Besides, we know that heat flow only happens until the system becomes isothermal. As this one would, with or without a silver wire or heat engine, because a gas with a DALR is not in equilibrium and ideal gas is still a thermal conductor of heat.

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  248. I’m getting sorely dismayed by these threads so let’s try a different tack. For those who understand plain English rather better than accepted basic physics, why do you think Rankine coined the phrase Potential Energy in the first place? Do you imagine he just used fancy words for the sake of it? Here, read about the guy and let’s have no more nonsense about engineers versus physicists for starters.

    http://en.wikipedia.org/wiki/William_Rankine

    Forget decent basic physics text books; they’re obviously never going to help you. Look the word up in a dictionary instead.

    Potential:
    (noun): Capacity for development
    (adjective): Possible but as yet not actual
    (synonyms): Impending, Would-be.

    Why do you think he used that word when he could have used any of the dozen or so more common ones that writers of dumbed-down textbooks often substitute? It’s because he was being precise – like any good engineer or physicist.

    It means “not manifest until realized by some phenomenon doing something”. And it’s always realized in some actual form – kinetic, in the case of gravity. It does not, for example, mean ‘stored’ energy. Any text book that says that should be incinerated on the spot IMHO, it leads to exactly the sort of immovable confusion displayed in these threads.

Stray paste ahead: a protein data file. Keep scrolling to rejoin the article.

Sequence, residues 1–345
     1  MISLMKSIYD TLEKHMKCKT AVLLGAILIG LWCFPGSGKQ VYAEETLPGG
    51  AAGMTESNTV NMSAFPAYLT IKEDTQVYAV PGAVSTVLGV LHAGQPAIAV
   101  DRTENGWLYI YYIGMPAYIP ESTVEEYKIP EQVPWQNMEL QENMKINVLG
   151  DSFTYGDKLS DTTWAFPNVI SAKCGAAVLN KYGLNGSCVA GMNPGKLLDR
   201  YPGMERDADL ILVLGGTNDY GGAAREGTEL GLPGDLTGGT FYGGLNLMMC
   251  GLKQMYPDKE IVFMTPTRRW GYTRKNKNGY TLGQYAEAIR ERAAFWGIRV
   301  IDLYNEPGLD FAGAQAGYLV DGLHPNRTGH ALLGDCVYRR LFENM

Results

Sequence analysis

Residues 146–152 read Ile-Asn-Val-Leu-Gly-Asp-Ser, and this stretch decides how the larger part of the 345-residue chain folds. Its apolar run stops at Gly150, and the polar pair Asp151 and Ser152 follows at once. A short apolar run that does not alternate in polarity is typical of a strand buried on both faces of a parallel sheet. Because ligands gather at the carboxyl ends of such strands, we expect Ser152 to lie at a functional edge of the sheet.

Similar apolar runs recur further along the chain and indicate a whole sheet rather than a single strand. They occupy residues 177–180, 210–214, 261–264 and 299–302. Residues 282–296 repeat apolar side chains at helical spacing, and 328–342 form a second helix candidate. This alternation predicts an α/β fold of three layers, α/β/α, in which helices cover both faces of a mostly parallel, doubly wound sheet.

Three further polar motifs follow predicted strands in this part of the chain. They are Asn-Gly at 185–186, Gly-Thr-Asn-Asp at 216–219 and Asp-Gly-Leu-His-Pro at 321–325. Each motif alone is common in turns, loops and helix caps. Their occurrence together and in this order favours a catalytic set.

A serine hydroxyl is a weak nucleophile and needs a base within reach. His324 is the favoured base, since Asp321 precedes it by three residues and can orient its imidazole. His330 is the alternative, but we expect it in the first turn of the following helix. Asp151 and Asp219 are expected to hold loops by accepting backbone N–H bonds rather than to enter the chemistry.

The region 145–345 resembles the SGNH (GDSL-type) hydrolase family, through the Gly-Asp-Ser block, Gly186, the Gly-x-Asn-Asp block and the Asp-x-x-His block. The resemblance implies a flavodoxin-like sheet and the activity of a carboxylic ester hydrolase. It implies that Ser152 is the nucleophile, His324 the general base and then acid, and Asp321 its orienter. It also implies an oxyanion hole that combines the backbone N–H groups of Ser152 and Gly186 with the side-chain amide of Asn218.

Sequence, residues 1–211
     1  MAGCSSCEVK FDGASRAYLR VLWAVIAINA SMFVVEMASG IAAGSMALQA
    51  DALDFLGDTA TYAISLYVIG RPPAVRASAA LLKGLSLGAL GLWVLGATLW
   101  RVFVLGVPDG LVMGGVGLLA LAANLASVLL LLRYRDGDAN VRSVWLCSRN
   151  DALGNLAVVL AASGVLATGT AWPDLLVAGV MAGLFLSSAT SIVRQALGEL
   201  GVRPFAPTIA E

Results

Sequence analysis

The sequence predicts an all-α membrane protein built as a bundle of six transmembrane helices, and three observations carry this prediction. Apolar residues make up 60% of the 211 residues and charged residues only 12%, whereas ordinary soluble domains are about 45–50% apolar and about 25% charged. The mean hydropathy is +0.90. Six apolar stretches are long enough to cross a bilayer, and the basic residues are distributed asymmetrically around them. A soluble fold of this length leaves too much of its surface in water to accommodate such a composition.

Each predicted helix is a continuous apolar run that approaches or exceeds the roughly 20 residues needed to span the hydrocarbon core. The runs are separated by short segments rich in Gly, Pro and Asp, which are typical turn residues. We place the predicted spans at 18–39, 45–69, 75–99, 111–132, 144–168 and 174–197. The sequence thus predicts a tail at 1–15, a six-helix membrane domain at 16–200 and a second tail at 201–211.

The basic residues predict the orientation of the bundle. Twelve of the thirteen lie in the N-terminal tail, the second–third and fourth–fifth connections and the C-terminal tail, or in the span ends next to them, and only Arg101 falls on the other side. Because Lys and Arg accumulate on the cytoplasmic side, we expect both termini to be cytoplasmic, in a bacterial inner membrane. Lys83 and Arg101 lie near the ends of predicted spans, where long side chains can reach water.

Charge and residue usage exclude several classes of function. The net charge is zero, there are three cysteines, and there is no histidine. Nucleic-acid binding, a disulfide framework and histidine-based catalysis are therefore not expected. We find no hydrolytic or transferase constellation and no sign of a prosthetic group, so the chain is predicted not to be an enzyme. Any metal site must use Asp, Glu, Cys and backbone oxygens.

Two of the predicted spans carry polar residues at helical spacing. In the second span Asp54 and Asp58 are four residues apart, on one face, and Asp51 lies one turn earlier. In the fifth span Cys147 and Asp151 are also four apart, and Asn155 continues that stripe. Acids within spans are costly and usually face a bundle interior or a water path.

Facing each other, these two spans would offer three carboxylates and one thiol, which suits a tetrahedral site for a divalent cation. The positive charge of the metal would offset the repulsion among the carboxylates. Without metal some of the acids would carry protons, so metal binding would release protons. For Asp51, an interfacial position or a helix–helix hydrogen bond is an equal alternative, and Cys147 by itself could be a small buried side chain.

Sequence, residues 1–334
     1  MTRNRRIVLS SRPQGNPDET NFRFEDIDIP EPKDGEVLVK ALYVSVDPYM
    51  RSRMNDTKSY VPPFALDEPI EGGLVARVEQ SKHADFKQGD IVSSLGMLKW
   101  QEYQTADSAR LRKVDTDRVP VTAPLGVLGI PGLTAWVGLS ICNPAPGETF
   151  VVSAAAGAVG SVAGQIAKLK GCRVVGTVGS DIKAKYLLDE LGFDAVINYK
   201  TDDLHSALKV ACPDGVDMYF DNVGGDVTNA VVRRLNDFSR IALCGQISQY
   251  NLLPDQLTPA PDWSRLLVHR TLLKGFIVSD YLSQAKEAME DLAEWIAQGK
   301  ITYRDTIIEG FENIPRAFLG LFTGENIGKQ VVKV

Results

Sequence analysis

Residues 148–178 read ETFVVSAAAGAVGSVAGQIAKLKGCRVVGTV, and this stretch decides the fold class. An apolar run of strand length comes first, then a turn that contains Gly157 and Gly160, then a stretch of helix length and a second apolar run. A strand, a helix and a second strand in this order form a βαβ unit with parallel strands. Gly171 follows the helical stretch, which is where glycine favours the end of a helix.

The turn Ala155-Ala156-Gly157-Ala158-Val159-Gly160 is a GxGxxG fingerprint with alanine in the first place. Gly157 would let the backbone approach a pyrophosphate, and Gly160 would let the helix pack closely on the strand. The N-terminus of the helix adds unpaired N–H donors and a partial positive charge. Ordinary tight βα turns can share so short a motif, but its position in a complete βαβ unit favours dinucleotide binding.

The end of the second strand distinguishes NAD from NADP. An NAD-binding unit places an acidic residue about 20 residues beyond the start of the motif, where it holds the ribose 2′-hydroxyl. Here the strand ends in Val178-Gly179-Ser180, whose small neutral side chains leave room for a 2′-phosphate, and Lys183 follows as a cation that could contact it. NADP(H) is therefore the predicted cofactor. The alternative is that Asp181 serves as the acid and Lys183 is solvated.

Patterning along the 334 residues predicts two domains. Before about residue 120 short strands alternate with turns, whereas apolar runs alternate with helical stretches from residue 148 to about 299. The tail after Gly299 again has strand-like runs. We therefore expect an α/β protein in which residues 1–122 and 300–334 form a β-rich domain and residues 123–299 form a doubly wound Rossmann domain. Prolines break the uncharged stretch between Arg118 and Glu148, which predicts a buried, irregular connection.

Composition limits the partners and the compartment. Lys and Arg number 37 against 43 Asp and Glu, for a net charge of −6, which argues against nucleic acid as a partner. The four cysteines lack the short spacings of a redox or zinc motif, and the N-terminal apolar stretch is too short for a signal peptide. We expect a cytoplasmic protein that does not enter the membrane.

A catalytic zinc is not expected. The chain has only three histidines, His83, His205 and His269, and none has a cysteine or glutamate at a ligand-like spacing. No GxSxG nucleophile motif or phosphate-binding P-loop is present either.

Aside from kinetic energy there can be no other joules present at equilibrium, only the potential with altitude to have more when gravity does its stuff by causing something to move and acquire actual energy (thereby becoming capable of ‘doing work’).

    As for conservation of energy, look at it this way: PE is a measure of the energy that will appear in future when gravity does its stuff and actually moves something. It isn’t actual energy present at rest. If that sounds like magic to you, it’s why we can’t explain gravity. PE is just bean counters’ double-entry book-keeping, necessary only because we can’t.

    You cannot therefore count joules of PE and trade them off against KE at equilibrium. It makes no logical sense. No auditor will sign off accounts done on that basis, not even in Brussels!

    If you’re going to maintain this concept is wrong you’re flying in the face of not only Rankine but Maxwell, Carnot, Clausius, Thompson, Hugoniot and all the rest even with the benefit of all subsequent experience they did not have (space, etc.).

    You’re saying that potential energy is somehow actual energy in gaseous matter and you’ve therefore effectively explained gravity. In that case, how does gravity act on solids and liquids in a vacuum? Why do they still behave the same way? What then does compressibility have to do with PE being actual energy?

    Next up you’ll be somehow extending your new found principle to plasmas to explain the coronal heating problem on the Sun or claiming gravity must be ever so gradually being used up so you’ve re-written the expansion of the universe turning the whole of contemporary physics on its head.

    Sorry, but no (not for now anyway, show me some extraordinary proof first like producing a perpetual motion machine that works and explaining how your gravity works with solids and liquids). Lunacy seems an apt description.

  249. Robert Brown wrote:
    I should point out that this is my real interest at the moment — the philosophy of knowledge and the basis of science — and I am happy to cite you chapter and verse.